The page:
Date of Award

4-14-2010

Degree Type

Thesis

Degree Name

Master of Science (MS)

First Advisor

William C. Burger, Ph.D.

Second Advisor

Braxton L. Apperson, III, Ph.D.

Third Advisor

Jason Milne, Ph.D.

Abstract

Approximately 3 million elders are mistreated annually in the United States. Due to factors such as increase in life expectancy, this number is likely to amplify. Adult Protective Services agencies across the nation have been established by The Social Security Act, with purpose and goal of providing services to stop elder mistreatment and prevent it from occurring further. Although program was created over 40 years ago, APS agencies continue to make little progress and are publicly and legislatively neglected when compared to child welfare programs and domestic violence programs.

This thesis presents overview of APS problems on local, state, and national levels. Issues such as lack of federal legislation, failure to provide uniform definitions and guidelines across the nation, and deficiency in pubic awareness are problems present on national level. Unlike child welfare programs, APS does not have a uniform federal law dealing solely with elder mistreatment. APS is only mentioned in parts of Older Americans Act and Social Security Act. Definitions of mistreatment, population, and capacity differ from one state to another.

APS workers face multitude of issues when receiving reports, investigating mistreatment, and disposing of cases. Lack of training and cooperation between relevant agencies is hindering the appropriate provision of APS on state and local levels. In addition, budget shortfalls and cuts affect workers and victims alike. For each $100 spent on mistreated child, only $2 is spent on a mistreated elder.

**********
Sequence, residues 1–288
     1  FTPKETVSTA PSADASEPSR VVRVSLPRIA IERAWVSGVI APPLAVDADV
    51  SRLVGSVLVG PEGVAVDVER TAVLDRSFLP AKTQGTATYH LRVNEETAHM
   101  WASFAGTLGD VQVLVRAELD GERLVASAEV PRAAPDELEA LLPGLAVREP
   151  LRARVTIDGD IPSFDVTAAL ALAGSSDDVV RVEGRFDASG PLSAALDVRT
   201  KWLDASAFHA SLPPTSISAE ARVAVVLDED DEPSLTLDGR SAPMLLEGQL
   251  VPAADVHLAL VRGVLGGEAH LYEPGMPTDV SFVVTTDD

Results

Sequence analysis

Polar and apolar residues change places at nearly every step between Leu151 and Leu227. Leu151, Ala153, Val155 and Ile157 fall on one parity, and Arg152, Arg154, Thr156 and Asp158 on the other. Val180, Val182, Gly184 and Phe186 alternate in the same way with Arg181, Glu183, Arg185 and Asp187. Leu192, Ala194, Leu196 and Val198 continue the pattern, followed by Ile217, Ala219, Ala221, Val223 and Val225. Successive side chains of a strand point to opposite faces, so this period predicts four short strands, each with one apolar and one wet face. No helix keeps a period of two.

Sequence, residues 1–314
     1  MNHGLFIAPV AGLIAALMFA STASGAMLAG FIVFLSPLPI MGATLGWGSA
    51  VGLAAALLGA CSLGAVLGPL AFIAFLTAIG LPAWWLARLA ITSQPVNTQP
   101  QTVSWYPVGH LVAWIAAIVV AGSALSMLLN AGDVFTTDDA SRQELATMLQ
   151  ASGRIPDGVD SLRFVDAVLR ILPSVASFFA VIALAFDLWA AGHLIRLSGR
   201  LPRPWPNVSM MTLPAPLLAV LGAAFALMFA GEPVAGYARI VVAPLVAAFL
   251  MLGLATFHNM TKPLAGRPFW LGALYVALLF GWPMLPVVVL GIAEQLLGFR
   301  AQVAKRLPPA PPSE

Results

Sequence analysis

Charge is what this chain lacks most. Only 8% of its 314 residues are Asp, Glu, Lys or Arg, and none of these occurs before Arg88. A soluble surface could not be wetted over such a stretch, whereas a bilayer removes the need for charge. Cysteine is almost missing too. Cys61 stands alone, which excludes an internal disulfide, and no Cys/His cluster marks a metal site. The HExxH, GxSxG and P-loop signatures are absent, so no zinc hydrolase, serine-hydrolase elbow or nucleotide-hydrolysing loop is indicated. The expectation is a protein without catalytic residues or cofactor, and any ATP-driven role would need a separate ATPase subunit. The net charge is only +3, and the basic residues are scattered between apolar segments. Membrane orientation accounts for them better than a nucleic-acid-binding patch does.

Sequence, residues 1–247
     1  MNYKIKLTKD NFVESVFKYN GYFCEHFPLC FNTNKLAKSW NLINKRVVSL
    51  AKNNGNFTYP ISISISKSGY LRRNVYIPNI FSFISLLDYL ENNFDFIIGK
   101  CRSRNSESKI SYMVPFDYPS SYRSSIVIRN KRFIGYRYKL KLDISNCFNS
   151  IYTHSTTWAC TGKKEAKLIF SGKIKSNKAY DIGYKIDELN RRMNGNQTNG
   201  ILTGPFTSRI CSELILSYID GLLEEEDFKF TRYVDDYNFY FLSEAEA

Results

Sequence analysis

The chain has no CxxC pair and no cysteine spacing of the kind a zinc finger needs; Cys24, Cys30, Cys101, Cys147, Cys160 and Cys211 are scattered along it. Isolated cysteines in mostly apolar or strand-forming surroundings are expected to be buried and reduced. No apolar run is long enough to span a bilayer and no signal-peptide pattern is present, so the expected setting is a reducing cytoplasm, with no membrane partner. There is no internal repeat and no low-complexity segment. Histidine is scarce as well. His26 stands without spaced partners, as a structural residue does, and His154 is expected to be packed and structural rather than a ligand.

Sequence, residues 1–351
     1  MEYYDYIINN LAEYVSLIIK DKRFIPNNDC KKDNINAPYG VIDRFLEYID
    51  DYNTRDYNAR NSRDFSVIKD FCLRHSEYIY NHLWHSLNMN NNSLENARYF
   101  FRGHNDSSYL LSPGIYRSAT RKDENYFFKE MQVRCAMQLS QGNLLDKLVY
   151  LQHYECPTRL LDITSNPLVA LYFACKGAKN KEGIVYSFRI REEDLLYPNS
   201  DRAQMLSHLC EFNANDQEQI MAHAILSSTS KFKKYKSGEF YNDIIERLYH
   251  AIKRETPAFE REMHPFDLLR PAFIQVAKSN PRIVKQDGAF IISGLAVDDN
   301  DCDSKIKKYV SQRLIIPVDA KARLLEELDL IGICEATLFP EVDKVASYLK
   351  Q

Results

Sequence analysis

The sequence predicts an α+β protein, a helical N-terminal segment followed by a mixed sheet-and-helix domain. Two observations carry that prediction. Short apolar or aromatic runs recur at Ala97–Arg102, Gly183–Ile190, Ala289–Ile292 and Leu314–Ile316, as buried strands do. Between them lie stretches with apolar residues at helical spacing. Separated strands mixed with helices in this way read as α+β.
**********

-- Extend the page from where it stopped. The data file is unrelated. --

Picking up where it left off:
Policy recommendations, which are expected to resolve above noted issues, are offered. Enactment of Elder Justice Act is a plausible solution for problems on national level and would decrease the ambiguity of definitions and guidelines between the states. Criminalization of the mistreatment, which would include change in focus from solely victim-oriented to inclusion of prosecution of the perpetrator, would allow APS workers to exercise more authority and discretion. Finally, promoting awareness and multi-agency efforts is necessary in improving APS practice.

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